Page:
This case relates to an individual who was concerned about making a phone call to an estate agent in order to get them to re-negotiate a purchase price with a vendor based on a RICS (Royal Institute of Chartered Surveyors) down valuation. It highlights the benefits of the planning, preparation and particularly the practising stages of the model.
I was facilitating a group of attendees on a training course in which James described his current challenge to those present so that ideas could be shared to help him deal with it.
James had put an offer in on a house which had been accepted. After valuation the RICS valuer stated that it needed about £7,000 of work on the roof. Taking this extra spend in to account on top of the purchase price, the deal would not now ‘stack up’ – work for an investor in respect of a good return on their investment – so he had to go back to the estate agent for them to re-negotiate the purchase price/deal.
His words were “So I now have to think all weekend about making ‘The Dreaded Phone Call’.”
What did he mean by this? Well, some people do not like putting the estate agent in the position of having to ring the seller to ask them to drop the price. In fact, they are projecting their own discomfort at the thought of doing the call themselves, and this has a negative effect on how they approach the conversation with the agent.
Our workshop was being held on a Saturday morning with a Bank Holiday on the Monday (in the UK) so this meant that he had three days to worry about making the call to the agent.
I suggested we role play the phone call, giving him a chance to practise what he would say. Another member of the group would play the agent and he would make the call (i.e. the ‘Practise’ stage of the model; I agree there had been no Planning or Preparation at this stage for the role play, but sometimes the best way to plan is to practise first and reflect on what happens to then refine what you do).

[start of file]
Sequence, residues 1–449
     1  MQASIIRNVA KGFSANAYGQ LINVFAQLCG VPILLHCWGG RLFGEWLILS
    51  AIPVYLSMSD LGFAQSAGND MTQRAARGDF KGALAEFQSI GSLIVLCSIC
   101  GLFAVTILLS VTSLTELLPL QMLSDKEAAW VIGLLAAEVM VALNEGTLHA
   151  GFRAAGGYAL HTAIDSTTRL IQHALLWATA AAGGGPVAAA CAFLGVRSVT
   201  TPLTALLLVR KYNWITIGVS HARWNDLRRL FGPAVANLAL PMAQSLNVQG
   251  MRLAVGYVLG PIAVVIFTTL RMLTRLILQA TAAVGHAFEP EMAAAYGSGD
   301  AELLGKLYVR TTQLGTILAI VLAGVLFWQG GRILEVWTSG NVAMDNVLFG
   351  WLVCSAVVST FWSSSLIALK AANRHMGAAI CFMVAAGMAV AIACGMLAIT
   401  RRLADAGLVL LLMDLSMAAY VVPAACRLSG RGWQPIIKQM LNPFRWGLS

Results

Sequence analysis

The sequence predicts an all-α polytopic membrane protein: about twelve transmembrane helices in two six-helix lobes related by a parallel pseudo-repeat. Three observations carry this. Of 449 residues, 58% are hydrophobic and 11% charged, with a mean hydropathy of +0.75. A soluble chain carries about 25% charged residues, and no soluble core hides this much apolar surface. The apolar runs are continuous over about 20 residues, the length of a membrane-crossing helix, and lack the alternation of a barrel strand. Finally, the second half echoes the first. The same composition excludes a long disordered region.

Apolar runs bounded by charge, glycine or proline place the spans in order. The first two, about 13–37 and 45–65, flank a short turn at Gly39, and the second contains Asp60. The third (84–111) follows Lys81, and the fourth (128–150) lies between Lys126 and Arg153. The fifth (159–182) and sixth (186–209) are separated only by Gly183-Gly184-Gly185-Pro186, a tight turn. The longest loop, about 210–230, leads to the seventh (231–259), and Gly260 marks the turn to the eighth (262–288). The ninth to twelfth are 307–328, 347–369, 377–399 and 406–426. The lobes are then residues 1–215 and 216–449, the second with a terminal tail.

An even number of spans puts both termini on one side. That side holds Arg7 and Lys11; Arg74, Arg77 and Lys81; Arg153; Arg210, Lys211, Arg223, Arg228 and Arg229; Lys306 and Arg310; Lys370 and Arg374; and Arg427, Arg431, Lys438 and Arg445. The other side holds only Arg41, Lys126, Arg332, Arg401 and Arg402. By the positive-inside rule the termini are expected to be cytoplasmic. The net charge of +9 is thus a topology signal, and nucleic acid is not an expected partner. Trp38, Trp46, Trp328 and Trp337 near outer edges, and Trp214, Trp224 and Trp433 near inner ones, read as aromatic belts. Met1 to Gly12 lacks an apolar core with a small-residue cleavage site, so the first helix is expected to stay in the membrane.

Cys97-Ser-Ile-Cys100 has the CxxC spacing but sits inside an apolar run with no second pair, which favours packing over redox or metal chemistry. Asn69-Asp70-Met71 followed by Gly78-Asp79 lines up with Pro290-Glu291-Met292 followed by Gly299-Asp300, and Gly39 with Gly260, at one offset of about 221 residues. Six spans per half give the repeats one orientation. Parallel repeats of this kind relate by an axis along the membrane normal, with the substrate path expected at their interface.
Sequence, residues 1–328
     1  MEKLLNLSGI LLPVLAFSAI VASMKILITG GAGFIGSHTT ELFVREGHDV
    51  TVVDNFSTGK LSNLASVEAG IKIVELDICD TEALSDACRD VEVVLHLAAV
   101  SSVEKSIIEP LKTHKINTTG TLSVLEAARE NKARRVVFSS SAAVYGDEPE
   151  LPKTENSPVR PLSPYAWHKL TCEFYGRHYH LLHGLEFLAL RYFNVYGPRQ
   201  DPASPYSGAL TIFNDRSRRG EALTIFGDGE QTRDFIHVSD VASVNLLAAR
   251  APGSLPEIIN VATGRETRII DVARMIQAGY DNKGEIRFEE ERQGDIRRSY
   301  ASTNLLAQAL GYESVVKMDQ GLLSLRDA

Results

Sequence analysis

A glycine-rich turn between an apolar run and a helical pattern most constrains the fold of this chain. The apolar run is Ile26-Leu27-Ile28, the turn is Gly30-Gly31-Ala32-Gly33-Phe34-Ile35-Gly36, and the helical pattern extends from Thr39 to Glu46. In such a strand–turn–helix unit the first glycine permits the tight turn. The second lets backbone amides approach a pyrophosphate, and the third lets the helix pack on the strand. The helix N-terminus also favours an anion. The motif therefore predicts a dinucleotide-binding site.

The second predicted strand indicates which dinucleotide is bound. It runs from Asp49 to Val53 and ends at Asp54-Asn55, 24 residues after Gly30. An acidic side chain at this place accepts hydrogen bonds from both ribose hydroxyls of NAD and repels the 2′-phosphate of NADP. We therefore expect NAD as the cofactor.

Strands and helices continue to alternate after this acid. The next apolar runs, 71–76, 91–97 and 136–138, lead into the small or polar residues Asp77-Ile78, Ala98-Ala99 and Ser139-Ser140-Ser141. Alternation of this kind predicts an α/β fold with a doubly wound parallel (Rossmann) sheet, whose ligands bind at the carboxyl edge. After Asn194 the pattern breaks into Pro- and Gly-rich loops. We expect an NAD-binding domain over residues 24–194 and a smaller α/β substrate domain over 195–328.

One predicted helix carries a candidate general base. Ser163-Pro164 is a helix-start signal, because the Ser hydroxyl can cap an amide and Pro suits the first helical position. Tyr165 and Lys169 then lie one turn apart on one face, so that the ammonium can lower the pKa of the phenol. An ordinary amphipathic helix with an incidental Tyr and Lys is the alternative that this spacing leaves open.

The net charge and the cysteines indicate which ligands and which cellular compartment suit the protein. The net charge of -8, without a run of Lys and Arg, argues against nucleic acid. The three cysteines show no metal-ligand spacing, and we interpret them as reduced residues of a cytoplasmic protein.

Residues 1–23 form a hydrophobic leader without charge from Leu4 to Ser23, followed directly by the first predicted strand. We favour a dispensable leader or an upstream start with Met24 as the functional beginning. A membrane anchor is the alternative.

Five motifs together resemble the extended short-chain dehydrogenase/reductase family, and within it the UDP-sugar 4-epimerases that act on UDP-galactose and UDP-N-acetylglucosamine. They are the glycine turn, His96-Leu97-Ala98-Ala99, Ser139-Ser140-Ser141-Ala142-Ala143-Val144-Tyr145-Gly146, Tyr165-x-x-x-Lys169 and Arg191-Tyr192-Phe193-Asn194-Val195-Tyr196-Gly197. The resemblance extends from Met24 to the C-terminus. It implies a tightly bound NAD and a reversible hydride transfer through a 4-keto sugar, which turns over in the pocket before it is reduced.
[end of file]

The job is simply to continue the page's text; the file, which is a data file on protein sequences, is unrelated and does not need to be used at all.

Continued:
So, the role play began with both pretending they are talking on the phone. It always feels a little awkward when you start role playing but the learning is fast-tracked and can be very powerful.
James began with the introduction “Hi, it’s James Smith regarding the house at 123 High Street. I have a problem.”
Less than five seconds into the role play I interjected and stopped them.
I asked the group to think about what an estate agent would now be thinking after having heard the words ‘problem’.
The answers ranged from being, ‘switched off,’ or ‘deflated,’ or ‘frustrated.’
Potentially all those negative emotions could lead to a negative and unproductive call which would not get the estate agent on James’ side when the agent needed to call the vendor. It’s useful to remember that although the estate agent represents the seller and that can mean achieving the best price, it also means getting the best deal which is not always based around price. Sometimes it’s with a buyer who can complete quickly and with the minimum of hassle.